Again, I want to thank each and every one of you for your role in making the return to the revitalized Mall a smooth transition and furthering our goal of making this region the most livable in the country.
Tips & reminders for Bus Operators
Know your designated stops
Because of the different places routes enter and exit the Mall, the ABCD/
WXYZ system exists only between Madison and Oak. There’s no substitute
for reviewing a complete list of your line’s designated stops downtown.
Clear, easy-to-use lists appear in a number of places, including:
· The large, green pocket card that began circulating today;
· Printed schedules;
· Binders in the report area.
Note that detailed stop lists do not appear on route descriptions or paddles.
Service lane yields to the travel lane
-When you’re in the service lane, yield to buses and trains on your left.
-When you’re in the transit way, remember that buses on your right will yield to you. Trying to let them in just slows traffic and creates uncertainty.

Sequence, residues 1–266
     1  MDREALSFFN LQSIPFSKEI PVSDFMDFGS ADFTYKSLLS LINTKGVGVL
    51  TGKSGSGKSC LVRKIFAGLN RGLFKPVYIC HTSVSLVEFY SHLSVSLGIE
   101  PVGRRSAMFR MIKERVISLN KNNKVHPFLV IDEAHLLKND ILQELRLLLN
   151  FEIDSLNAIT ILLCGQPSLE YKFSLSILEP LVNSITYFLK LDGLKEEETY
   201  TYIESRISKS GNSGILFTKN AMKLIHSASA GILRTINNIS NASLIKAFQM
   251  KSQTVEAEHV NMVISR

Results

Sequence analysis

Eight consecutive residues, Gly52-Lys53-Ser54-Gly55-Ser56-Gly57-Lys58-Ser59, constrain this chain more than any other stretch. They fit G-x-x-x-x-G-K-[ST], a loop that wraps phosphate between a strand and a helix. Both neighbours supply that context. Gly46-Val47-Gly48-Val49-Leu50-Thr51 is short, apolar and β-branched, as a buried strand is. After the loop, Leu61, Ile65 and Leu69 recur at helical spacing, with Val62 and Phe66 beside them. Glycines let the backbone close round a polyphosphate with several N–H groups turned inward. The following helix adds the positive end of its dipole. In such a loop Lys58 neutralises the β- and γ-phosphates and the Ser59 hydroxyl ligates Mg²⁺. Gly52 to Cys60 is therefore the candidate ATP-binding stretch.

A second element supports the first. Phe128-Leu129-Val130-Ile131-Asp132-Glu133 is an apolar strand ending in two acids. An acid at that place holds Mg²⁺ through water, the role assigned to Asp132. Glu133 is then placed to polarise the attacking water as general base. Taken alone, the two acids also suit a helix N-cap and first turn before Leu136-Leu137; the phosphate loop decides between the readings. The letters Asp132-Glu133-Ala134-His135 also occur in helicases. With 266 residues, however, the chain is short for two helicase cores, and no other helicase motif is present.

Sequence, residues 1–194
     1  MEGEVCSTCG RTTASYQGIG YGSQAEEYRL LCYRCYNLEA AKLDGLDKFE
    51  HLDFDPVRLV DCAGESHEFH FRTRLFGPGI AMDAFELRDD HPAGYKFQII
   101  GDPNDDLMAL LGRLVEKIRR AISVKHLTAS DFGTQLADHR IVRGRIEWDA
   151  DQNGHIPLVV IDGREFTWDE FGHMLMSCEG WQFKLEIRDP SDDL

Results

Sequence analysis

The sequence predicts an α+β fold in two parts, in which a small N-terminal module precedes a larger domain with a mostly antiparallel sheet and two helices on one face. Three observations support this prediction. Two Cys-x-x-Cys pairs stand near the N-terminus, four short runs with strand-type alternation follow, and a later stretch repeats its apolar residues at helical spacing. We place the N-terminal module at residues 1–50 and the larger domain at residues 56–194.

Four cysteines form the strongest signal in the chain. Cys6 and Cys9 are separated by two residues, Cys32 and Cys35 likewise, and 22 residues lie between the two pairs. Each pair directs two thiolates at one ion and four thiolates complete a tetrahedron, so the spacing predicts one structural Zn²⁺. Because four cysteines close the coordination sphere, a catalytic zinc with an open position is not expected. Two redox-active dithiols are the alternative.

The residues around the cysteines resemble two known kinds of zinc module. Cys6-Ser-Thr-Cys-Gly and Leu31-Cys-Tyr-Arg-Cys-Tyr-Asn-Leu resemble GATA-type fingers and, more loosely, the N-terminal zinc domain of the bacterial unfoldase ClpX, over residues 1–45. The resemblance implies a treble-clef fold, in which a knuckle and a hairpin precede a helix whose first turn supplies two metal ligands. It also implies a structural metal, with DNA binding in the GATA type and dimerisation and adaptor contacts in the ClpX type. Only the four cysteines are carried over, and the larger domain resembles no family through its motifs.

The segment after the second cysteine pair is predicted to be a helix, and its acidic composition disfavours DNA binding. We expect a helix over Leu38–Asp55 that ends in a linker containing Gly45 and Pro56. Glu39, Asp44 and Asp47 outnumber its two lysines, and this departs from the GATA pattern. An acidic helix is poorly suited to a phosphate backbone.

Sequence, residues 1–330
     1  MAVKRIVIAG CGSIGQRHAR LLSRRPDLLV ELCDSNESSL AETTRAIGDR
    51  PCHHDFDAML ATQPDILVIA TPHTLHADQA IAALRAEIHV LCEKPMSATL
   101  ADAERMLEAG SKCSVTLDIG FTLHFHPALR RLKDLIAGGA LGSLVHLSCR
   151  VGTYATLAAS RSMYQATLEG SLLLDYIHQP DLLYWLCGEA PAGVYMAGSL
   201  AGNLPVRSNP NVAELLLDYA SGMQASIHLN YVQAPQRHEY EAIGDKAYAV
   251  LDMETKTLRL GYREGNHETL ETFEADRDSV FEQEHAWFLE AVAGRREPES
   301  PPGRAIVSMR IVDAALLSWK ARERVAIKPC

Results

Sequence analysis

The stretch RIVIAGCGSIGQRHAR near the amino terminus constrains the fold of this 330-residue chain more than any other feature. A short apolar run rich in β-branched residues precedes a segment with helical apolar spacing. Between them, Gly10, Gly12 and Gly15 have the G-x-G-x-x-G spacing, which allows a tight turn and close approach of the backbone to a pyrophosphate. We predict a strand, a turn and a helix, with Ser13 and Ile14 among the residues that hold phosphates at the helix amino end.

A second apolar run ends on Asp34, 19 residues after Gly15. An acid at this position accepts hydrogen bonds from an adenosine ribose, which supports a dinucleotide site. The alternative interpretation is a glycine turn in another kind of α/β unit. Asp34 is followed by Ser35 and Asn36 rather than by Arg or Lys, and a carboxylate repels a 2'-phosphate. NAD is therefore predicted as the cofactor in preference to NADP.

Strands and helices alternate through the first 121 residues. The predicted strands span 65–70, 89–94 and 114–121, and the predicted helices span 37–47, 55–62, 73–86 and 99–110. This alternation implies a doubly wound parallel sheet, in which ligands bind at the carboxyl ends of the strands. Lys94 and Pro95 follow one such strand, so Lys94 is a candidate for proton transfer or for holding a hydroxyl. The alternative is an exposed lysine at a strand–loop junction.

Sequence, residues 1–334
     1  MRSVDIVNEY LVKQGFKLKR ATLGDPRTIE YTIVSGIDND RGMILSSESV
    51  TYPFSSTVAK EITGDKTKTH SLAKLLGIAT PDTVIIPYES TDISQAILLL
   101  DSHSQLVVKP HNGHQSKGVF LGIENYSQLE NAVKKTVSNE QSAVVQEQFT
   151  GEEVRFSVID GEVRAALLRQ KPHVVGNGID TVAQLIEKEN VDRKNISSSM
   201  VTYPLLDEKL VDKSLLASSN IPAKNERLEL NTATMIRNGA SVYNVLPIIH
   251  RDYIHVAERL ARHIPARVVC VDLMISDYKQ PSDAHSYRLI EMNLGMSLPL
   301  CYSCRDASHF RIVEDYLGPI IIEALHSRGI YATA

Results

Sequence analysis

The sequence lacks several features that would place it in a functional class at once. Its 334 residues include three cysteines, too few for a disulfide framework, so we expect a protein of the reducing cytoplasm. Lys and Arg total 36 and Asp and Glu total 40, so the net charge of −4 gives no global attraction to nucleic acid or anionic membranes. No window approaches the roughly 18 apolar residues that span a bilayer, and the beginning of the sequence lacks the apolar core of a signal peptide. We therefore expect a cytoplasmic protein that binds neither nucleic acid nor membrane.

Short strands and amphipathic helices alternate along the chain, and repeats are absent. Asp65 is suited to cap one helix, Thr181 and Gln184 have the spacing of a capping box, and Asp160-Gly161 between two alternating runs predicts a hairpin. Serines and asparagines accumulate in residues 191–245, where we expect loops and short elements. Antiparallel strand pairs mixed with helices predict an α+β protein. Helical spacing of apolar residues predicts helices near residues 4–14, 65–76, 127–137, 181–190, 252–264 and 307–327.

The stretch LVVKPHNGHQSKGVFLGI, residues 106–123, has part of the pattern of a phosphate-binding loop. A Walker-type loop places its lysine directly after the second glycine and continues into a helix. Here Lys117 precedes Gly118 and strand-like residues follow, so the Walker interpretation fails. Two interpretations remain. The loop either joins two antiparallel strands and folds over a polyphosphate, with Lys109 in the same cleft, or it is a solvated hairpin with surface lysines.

Boarding: 1st and 2nd positions
Deboarding: Any position
Keep the double white line on your left
When the MAX track curves, keep driving straight. Don’t follow the curve.
See your station agent for info
Station agents have pocket cards for you and service alert brochures for your customers, along with schedules and line-by-line downtown stop lists.
Operating condition updates
-The City of Portland has adjusted the timing of the light on 5th at Ankeny
to reduce the chance of buses backing up at Burnside.
-Operators have raised concerns about the visibility of South Mall stop signage. Modest improvements may occur in the coming months while we experiment with reflective material for the route numbers and finish installing shelter lighting all along the Mall.
Thursday, May 28, 2009
Wednesday, May 27, 2009
When the bus stops, sensors will notice a passenger approaching the rear door
and automatically open it.
The system is expected to be especially helpful for senior citizens, riders
carrying packages and passengers with small children.
NYC Transit says the first buses with the sensors are due in January.
Tuesday, May 26, 2009
Monday, May 25, 2009
Sunday, May 24, 2009
Saturday, May 23, 2009
Friday, May 22, 2009
THIS IS MORE THAN A LITTLE SHOCKING TO THINK ABOUT.
TRIMET is functioning as a cash cow!
Who are all these people and do we really need them?